Many people unconsciously make the mistake of reading from their slides or memorizing their script word-for-word without understanding their content – a definite way to stress themselves out.

    Understanding your speech flow and content makes it easier for you to convert ideas and concepts into your own words which you can then clearly explain to others in a conversational manner. Designing your slides to include text prompts is also an easy hack to ensure you get to quickly recall your flow when your mind goes blank.[2]

    One way to understand is to memorize the over-arching concepts or ideas in your pitch. It helps you speak more naturally and let your personality shine through. It’s almost like taking your audience on a journey with a few key milestones.

    5. Practice makes perfect

    Like most people, many of us are not naturally attuned to public speaking. Rarely do individuals walk up to a large audience and present flawlessly without any research and preparation.

    In fact, some of the top presenters make it look easy during showtime because they have spent countless hours behind-the-scenes in deep practice. Even great speakers like the late John F. Kennedy would spend months preparing his speech beforehand.

    Public speaking, like any other skill, requires practice – whether it be practicing your speech countless of times in front of a mirror or making notes. As the saying goes, practice makes perfect!

    6. Be authentic

    There’s nothing wrong with feeling stressed before going up to speak in front of an audience.

    Many people fear public speaking because they fear others will judge them for showing their true, vulnerable self. However, vulnerability can sometimes help you come across as more authentic and relatable as a speaker.

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    Drop the pretence of trying to act or speak like someone else and you’ll find that it’s worth the risk. You become more genuine, flexible and spontaneous, which makes it easier to handle unpredictable situations – whether it’s getting tough questions from the crowd or experiencing an unexpected technical difficulty.

    To find out your authentic style of speaking is easy. Just pick a topic or issue you are passionate about and discuss this like you normally would with a close family or friend. It is like having a conversation with someone in a personal one-to-one setting. A great way to do this on stage is to select a random audience member(with a hopefully calming face) and speak to a single person at a time during your speech. You’ll find that it’s easier trying to connect to one person at a time than a whole room.

    With that said, being comfortable enough to be yourself in front of others may take a little time and some experience, depending how comfortable you are with being yourself in front of others. But once you embrace it, stage fright will not be as intimidating as you initially thought.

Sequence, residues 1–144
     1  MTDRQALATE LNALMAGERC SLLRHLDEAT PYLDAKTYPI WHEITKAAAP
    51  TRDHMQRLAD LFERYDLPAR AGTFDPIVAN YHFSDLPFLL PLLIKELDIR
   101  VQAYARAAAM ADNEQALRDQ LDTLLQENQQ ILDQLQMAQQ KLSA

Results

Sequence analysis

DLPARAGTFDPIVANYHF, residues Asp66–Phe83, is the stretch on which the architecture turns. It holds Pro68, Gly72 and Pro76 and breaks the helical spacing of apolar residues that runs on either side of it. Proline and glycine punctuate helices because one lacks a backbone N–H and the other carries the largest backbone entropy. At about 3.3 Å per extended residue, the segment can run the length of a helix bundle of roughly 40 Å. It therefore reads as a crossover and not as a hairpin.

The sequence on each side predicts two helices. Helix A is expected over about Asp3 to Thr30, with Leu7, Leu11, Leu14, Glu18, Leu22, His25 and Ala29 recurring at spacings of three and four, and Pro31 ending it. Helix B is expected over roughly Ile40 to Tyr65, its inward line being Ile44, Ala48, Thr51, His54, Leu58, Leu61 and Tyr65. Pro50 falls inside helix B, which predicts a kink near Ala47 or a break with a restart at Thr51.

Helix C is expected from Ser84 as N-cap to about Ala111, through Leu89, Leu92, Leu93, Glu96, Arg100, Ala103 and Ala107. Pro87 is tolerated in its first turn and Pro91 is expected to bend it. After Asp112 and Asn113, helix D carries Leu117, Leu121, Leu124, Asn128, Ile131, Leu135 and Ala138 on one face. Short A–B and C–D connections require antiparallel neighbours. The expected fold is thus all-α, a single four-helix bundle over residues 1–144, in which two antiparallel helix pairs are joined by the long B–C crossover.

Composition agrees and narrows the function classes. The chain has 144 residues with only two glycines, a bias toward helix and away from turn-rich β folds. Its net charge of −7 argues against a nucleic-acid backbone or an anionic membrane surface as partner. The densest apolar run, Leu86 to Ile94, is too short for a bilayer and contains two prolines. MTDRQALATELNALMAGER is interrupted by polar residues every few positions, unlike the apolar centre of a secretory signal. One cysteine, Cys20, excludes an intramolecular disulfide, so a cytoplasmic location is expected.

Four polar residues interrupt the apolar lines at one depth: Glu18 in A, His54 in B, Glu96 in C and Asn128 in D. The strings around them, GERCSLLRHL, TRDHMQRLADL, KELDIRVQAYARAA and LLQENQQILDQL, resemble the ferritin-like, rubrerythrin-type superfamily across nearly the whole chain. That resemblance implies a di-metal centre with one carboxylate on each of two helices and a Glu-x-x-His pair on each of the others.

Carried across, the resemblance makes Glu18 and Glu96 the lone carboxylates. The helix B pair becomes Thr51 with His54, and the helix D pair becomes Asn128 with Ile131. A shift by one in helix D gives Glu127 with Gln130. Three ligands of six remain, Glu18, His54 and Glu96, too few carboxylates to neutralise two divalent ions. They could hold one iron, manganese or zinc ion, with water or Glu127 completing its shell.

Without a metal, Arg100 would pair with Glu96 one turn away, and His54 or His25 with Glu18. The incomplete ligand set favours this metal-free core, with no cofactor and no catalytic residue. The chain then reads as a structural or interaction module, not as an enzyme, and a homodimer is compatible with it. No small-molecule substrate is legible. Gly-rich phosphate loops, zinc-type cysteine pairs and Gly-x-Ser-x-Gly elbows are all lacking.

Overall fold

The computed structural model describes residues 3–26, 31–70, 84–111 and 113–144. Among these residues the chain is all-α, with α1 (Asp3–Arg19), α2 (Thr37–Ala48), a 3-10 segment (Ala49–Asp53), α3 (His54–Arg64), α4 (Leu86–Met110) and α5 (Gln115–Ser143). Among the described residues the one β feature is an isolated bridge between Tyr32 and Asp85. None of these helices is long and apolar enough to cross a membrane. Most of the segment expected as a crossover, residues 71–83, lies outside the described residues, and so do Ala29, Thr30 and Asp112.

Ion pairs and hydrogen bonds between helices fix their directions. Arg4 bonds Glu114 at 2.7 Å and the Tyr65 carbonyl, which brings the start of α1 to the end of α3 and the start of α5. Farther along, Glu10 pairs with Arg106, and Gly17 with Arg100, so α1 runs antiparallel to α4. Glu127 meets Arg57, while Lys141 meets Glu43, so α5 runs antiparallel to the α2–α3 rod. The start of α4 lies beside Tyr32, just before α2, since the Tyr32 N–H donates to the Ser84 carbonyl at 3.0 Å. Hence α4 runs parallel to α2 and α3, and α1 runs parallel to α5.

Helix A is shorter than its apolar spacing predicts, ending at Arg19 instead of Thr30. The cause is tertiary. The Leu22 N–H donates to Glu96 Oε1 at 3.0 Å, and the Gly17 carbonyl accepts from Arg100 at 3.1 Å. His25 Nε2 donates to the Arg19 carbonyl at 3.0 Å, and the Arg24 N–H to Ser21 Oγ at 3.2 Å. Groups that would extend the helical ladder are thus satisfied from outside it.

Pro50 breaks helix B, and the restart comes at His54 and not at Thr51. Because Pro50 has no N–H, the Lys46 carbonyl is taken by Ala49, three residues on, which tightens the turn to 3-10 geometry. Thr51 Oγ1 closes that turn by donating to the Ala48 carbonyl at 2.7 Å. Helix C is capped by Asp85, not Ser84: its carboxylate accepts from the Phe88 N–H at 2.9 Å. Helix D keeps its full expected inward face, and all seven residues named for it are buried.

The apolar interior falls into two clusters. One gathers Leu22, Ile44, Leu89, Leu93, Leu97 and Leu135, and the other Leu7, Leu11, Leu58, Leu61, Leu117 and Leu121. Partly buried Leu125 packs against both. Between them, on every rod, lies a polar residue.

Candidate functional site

Presenters like Barack Obama are a prime example of a genuine and passionate speaker:

    7. Post speech evaluation

    Last but not the least, if you’ve done public speaking and have been scarred from a bad experience, try seeing it as a lesson learned to improve yourself as a speaker.

    Don’t beat yourself up after a presentation

    We are the hardest on ourselves and it’s good to be. But when you finish delivering your speech or presentation, give yourself some recognition and a pat on the back.

    You managed to finish whatever you had to do and did not give up. You did not let your fears and insecurities get to you. Take a little more pride in your work and believe in yourself.

    Improve your next speech

    As mentioned before, practice does make perfect. If you want to improve your public speaking skills, try asking someone to film you during a speech or presentation. Afterwards, watch and observe what you can do to improve yourself next time.

    Here are some questions you can ask yourself after every speech:

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    • How did I do?
    • Are there any areas for improvement?
    • Did I sound or look stressed?
    • Did I stumble on my words? Why?
    • Was I saying “um” too often?
    • How was the flow of the speech?

    Write everything you observed down and keep practicing and improving. In time, you’ll be able to better manage your fears of public speaking and appear more confident when it counts.

    If you want even more tips about public speaking or delivering a great presentation, check out these articles too:

    Reference